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Pushing Back the Boundaries
But can Singapore's artists ever break free to be truly creative?

JAPAN: A Brave New World
Young webheads are battling Japan Inc. and ingrained attitudes to forge a new economy
MALAYSIA: Mod and Muslim
And fretting about Islamic conservatism
KOREA: Family and Career
Women want both — and are beginning to get them

Opening nights are usually nail-biting affairs for playwrights, but Alfian bin Sa'at had more to worry about than most when his sex.violence.blood.gore debuted last December. Singapore authorities had given him permission to stage the play on condition that he cut two-and-a-half of its seven scenes. Alfian agreed, but he signposted the missing scenes with leitmotifs and distributed to the audience the excised portions of the script. "I thought it was an important act of exposing the censors' handiwork and empowering the audience to judge for themselves," says the 23-year-old poet and playwright. He waited anxiously after the curtain call. No backlash came.

It's not easy being creative in Singapore. The country has hardly been known for its free thinking. Its well-behaved citizenry have built a gleaming first-world city through efficiency and hard work — not thinking out of the box. But local authorities want to turn it into a high-tech hub, which means information and ideas need to circulate freely. Restrictions on expression are gradually loosening. The government recently set up a Speaker's Corner to encourage free speech — within limits — and just last month, a civil society group published Shame, a journal discussing sensitive subjects such as political and human rights. Will Singapore's artists, so used to limiting themselves, ever be able to really break free? The city is caught in a "bureaucratic paradox," says Alvin Pang, a 28-year old writer. "We want a vibrant cultural city, but we also want it to be safe, predictable, well-defined."

Singaporeans, trained to think of practical things such as production, efficiency and profits, tend to view art as a marginal occupation. Like most local artists, Pang relies on another job for his livelihood. A former civil servant, he is now a web journalist. "Art isn't considered a very Singaporean profession, in the way that law, medicine, business and engineering are," says Pang. Painter Chua Aik Boon, 24, who does oils and other visual art, often feels like an outsider: "You sometimes get this cold treatment when you tell people you are an artist or are studying art," he says. Chua teaches part time to make ends meet, while playwright Alfian is studying medicine, which he is interested in.

Some artists are skeptical about the government's more open attitude. Alfian fears that authorities are easing up on the arts while keeping a tight rein on everything else. "It is all right to put up a play with gay themes, but you're not allowed to organize a gay forum," he complains. "Art is being co-opted by the state."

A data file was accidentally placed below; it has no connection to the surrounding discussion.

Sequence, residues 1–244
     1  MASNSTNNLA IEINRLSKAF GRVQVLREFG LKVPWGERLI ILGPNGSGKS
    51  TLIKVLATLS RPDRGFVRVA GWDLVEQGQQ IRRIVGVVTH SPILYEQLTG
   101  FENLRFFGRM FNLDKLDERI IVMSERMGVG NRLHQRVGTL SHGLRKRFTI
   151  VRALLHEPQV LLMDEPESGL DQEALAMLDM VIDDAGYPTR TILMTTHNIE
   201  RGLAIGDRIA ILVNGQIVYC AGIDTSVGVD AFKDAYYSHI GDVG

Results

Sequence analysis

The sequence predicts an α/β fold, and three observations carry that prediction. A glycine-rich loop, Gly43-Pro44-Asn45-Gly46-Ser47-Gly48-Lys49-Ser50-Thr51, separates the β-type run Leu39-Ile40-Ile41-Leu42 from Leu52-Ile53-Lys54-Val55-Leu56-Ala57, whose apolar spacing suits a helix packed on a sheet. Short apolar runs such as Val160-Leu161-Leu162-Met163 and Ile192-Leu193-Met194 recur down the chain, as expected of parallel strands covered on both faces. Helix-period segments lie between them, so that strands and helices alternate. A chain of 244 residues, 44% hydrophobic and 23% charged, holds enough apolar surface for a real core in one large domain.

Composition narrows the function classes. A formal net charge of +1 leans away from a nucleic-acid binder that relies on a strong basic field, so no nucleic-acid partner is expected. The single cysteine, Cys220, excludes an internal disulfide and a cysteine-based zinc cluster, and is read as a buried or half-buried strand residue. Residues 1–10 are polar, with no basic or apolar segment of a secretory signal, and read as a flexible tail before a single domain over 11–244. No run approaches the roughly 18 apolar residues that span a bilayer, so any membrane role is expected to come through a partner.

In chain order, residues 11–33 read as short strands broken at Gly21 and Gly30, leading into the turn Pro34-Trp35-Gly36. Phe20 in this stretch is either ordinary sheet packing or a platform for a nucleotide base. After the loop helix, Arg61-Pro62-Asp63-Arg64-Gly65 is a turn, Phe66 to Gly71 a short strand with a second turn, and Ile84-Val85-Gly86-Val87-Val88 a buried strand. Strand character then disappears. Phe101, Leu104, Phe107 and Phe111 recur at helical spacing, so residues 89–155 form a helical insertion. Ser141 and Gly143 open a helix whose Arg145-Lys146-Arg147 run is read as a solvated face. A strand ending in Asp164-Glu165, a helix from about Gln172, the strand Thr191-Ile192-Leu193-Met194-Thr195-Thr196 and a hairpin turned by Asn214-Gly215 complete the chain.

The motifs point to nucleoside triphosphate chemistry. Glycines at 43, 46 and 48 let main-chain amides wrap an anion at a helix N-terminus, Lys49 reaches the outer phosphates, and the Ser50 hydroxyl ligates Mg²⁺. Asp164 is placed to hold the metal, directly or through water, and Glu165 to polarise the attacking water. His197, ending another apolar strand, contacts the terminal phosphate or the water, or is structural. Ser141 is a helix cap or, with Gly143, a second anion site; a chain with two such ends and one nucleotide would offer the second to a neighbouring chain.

But attitudes are changing. As Singaporeans travel more and react to government exhortations to "be creative," they are becoming more receptive to creative work. Take Alfian's first verse anthology, published in 1998. Friends advised him to exclude a poem titled "Singapore, You Are Not My Country" from the book; his editor tried to blunt some of the selection's anti-establishment sentiments. But it eventually appeared in full — and drew no reprisals. Today, the poem is part of the English literature curriculum at the National University. "Already, many younger artists are breaking away from professional jobs to pursue their craft," says Pang. "They're finding their own path, starting companies and publishing concerns if the old institutions are unwilling or unable to move along with them."

The rapid growth of Internet use in Singapore is opening people's minds in unforeseen ways. "The old ways of telling people what they can and cannot think, which crippled creativity, will no longer work," says writer Pang. "Once we figure out how to nurture rather than prescribe creativity, there will be positive spillovers into art." Technology is also providing careers for some young artists. Graphics and multi-media design are popular choices, says Chua, because of their marketability.

For the first time, despite the frustrations, young creative people are carving out a space in their tidy city. "Being young means you have more leeway to fail and learn from your mistakes," says Alfian. "More than ever, we now have a group of artists who are more vocal, more willing to experiment, and less concerned about rice-bowl issues." That suggests greater ferment — and more excitement — in Singapore's arts scene.


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